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Ed Lantzer, a once-homeless misfit, brain damaged by scarlet fever as a child, suddenly has a vision from God of an enormous task he must complete. It involves the art of marquetry, a skill he learned from his father, where he cuts small diamond shapes out of various types of wood and glues them to a 4-foot by 8-foot plywood board to create a picture. At first, Ed is overwhelmed and tells God that it's impossible, but God persists, so Ed agrees. Unable to write or sketch, Ed visualizes the picture in his head. For months, in a little 8-foot by 10-foot room, he cuts out thousands of diamond…mehr

Produktbeschreibung
Ed Lantzer, a once-homeless misfit, brain damaged by scarlet fever as a child, suddenly has a vision from God of an enormous task he must complete. It involves the art of marquetry, a skill he learned from his father, where he cuts small diamond shapes out of various types of wood and glues them to a 4-foot by 8-foot plywood board to create a picture. At first, Ed is overwhelmed and tells God that it's impossible, but God persists, so Ed agrees. Unable to write or sketch, Ed visualizes the picture in his head. For months, in a little 8-foot by 10-foot room, he cuts out thousands of diamond shapes using 30-degree and 60-degree angles. He begins to glue the diamonds to the large plywood board, fitting each piece together like a puzzle. The natural color variations of the wood add depth and dimension to the picture, and suddenly what emerges is an image of Jesus sitting at a table. But Ed's picture isn't finished. He moves the large board out and begins gluing diamonds onto another board, then another board, then another. He glues the last diamond onto the seventh board and finally the picture is complete. The vision that God planted in Ed's head became a wondrous masterpiece. Seven large panels fit perfectly together, standing side by side to reveal Jesus sitting with his apostles at the Last Supper. Only this masterpiece doesn't match Leonardo di Vinci's famous painting of the Last Supper. Looking closer, the apostles are in a different order, and there are other peculiar images, words, and symbols on each panel that are not in di Vinci's painting. What do they mean? Over the next 20 years, with millions of diamond shaped wood pieces, Ed created a total of 30 panels depicting various scenes from the Bible and other ancient texts he studied throughout his life. Each panel tells a story, not just of the religious scenes illustrated, but also the story of Ed and his life. He called the panels, "My Father's Love." Their purpose is to tell of God's love for everyone, especially the unloved child. Through sacred geometry, numerology, and symbolism, Ed embedded obscure icons and figures with special meaning throughout the panels; some hidden and some evident. Toward the end of his life, Ed shared these meanings with others in personal and video-taped interviews. This book is a reference of the meanings of the symbols and stories Ed inserted into each panel. Of course, if you could ask him today what he meant, he may give you his explanation, but then follow it up with, "You decide."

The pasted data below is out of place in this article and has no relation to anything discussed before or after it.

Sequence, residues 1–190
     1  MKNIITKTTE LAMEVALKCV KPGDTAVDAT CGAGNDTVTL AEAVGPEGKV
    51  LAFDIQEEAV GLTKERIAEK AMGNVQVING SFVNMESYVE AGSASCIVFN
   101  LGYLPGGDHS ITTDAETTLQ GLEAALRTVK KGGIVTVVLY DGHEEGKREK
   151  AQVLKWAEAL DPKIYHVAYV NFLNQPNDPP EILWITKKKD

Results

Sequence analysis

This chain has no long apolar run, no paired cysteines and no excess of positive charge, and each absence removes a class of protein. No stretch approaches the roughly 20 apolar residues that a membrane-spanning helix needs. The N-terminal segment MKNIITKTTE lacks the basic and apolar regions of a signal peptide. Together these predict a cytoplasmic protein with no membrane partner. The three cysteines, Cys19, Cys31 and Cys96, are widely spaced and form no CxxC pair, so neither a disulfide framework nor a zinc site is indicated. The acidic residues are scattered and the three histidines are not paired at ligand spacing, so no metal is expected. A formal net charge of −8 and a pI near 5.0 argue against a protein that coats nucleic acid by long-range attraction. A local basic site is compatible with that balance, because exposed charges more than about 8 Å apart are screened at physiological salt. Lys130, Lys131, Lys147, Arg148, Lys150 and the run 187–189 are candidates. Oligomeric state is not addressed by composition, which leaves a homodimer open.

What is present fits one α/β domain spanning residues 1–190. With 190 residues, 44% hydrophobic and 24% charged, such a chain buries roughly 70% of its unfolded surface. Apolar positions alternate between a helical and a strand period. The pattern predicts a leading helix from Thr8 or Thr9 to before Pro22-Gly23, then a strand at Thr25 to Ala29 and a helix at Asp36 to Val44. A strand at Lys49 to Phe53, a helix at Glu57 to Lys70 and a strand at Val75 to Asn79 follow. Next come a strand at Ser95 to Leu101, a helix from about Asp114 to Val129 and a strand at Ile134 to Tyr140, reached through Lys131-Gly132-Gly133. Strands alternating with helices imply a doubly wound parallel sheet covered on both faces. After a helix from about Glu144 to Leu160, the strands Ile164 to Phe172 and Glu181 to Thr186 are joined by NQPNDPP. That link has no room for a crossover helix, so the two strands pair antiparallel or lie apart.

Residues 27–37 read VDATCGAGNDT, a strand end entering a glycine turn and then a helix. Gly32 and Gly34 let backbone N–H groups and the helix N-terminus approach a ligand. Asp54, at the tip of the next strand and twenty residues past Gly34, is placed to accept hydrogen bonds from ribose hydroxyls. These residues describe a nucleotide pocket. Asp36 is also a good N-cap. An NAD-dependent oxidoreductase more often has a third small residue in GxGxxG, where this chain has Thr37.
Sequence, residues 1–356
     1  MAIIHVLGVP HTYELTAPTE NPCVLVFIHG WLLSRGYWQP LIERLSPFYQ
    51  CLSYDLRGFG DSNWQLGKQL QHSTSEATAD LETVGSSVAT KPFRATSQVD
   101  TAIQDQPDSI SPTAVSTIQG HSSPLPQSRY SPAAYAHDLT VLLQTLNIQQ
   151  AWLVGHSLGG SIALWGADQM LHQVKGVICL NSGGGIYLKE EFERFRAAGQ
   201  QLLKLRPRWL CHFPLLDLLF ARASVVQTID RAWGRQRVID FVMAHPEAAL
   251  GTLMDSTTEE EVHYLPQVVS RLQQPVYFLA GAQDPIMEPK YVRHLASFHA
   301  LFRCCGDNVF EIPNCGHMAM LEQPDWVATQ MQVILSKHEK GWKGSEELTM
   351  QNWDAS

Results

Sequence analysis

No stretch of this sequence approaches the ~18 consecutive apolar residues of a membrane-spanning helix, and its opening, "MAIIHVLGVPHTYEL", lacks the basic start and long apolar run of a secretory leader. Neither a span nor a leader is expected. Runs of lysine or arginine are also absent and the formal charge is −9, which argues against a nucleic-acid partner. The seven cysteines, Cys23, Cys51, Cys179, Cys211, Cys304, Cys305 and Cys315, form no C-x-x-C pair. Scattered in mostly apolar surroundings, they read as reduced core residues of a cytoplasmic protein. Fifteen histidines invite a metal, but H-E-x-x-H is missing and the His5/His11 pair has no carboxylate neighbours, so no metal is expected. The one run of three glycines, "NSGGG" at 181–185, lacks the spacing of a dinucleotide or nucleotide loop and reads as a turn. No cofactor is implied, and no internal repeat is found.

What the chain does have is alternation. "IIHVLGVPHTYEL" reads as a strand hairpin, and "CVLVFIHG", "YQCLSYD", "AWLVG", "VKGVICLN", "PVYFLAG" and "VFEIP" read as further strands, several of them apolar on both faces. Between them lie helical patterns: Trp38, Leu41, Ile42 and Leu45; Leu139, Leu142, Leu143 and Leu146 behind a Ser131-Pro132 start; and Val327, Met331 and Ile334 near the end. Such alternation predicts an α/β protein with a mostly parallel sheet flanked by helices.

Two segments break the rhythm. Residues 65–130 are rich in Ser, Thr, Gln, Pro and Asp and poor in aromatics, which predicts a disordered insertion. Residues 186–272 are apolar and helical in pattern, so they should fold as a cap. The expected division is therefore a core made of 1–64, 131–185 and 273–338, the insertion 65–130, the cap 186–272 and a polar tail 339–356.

Autorenporträt
Jeannine Taylor is a marketing, communications, and graphic design professional in Cadillac, Michigan, where she lives with her husband and two sons. For the past 27 years,Jeannine has utilized her degree in journalism, advertising, and communications to translate complex information into compelling stories for clients and employers. Symbols of My Father's love is her first published book, and one of the most intricate and rewarding projects she has ever created.